Bethesda is working on a 'five-year roadmap' for Fallout 76

Fallout 76 alien in power armor
(Image credit: Bethesda)

UFOs filled with alien invaders have just arrived in West Virginia. Don't panic, I'm just talking about Fallout 76, which has entered Season 8 and is now filled with extraterrestrial encounters. Fallout 76's new 2022 roadmap also promises arena fights against robots this summer, expeditions to revisit The Pitt this fall (last seen in a Fallout 3 add-on), and a new region boss arriving in the winter. 

That's a pretty packed schedule for the year, but according to Bethesda it's just the tip of the irradiated iceberg. Speaking recently to AusGamers, Fallout 76 design director Mark Tucker said they are working on a roadmap that will cover the next five years of the post-nuclear MMO.

"We have long term plans, and things get a little fuzzier the further we go out because we adjust and adapt as things show up and we see what players want and what they're doing," said Tucker. "But, a lot of my time right now is spent on planning that three and five-year roadmap."

That's a long look ahead, and a good sign for Fallout 76 fans that they won't soon run out of new things to do in Appalachia. Since its release in 2018, the MMO has already seen the return of human NPCs with branching dialogue, the arrival of the Brotherhood of Steel, and the addition of customizable (premium) private servers. Not everything added to Fallout 76 over the years has been a success, however: along the way some additions to the game didn't stick, such as its battle royale mode, Nuclear Winter, which was taken offline in 2021.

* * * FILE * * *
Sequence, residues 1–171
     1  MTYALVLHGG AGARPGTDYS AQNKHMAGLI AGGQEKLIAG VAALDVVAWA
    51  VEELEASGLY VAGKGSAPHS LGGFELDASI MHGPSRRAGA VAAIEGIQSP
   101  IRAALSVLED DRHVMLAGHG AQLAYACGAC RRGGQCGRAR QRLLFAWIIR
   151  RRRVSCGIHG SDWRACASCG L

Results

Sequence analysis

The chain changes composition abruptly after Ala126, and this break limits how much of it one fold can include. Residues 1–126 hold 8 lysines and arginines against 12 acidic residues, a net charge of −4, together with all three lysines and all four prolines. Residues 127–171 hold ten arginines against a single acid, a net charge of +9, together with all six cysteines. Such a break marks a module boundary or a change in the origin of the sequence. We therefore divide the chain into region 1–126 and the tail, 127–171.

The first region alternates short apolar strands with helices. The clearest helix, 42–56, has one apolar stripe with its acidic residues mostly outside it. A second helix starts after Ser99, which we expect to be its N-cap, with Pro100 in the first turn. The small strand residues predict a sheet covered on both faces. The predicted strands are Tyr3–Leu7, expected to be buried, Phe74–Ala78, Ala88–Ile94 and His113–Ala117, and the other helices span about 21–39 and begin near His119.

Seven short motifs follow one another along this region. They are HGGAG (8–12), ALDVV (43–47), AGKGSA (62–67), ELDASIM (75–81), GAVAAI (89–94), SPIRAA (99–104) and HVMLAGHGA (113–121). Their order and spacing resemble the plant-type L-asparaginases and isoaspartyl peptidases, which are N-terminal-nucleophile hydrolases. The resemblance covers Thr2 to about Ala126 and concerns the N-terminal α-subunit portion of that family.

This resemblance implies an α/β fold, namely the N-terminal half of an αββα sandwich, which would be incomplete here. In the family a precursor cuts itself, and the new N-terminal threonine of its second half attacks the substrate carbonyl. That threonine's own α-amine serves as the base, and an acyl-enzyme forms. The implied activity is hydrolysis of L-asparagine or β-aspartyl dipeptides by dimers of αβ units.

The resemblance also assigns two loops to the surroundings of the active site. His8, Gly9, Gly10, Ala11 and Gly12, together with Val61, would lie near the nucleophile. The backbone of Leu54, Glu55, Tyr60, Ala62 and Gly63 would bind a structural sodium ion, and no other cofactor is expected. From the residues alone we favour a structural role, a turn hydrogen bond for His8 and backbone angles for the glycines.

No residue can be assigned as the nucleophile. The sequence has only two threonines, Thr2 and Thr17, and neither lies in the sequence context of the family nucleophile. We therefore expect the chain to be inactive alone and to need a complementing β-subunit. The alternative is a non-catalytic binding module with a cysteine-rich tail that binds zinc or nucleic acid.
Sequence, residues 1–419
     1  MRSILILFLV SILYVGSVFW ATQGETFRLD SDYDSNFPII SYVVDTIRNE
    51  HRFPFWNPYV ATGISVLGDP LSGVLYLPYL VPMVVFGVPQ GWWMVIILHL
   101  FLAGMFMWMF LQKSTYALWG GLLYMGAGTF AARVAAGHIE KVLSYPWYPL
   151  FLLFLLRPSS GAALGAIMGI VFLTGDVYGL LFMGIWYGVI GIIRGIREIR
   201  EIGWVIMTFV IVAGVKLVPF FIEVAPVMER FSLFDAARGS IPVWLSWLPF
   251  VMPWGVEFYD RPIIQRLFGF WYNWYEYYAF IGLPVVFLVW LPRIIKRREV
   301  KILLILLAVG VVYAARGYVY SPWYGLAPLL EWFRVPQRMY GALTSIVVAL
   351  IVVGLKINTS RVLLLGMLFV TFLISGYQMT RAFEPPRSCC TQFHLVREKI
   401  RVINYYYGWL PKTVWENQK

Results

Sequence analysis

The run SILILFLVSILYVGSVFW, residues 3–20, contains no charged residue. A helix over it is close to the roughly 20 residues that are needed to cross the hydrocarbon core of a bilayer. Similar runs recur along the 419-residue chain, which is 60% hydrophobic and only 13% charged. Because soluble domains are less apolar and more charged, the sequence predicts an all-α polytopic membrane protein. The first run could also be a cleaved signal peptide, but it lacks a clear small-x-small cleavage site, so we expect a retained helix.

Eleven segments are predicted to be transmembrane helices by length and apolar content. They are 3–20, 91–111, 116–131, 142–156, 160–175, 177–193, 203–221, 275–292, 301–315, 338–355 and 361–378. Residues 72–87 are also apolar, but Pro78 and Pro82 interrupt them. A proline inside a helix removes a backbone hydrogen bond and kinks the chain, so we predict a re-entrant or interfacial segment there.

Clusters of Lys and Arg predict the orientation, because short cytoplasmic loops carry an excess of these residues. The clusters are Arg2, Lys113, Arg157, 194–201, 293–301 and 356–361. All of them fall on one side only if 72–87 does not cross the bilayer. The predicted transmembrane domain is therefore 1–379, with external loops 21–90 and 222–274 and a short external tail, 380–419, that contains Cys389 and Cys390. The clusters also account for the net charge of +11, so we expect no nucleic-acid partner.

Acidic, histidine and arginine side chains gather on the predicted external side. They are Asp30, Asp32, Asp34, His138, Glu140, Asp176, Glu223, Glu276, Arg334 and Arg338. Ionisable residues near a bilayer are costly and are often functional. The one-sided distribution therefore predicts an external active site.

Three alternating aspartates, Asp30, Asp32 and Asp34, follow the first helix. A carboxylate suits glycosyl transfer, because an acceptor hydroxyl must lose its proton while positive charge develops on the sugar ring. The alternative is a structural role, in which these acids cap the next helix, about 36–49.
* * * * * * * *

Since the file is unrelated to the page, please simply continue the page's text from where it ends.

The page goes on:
Don't expect to hear the full details of what Bethesda is planning over the next five years, at least not anytime soon. It sounds like the developers themselves don't have it fully fleshed out yet.

"The three-year roadmap is a lot more understood and known," Tucker said. "At five-years it gets a little more fuzzy."

Christopher Livingston
Senior Editor

Chris started playing PC games in the 1980s, started writing about them in the early 2000s, and (finally) started getting paid to write about them in the late 2000s. Following a few years as a regular freelancer, PC Gamer hired him in 2014, probably so he'd stop emailing them asking for more work. Chris has a love-hate relationship with survival games and an unhealthy fascination with the inner lives of NPCs. He's also a fan of offbeat simulation games, mods, and ignoring storylines in RPGs so he can make up his own.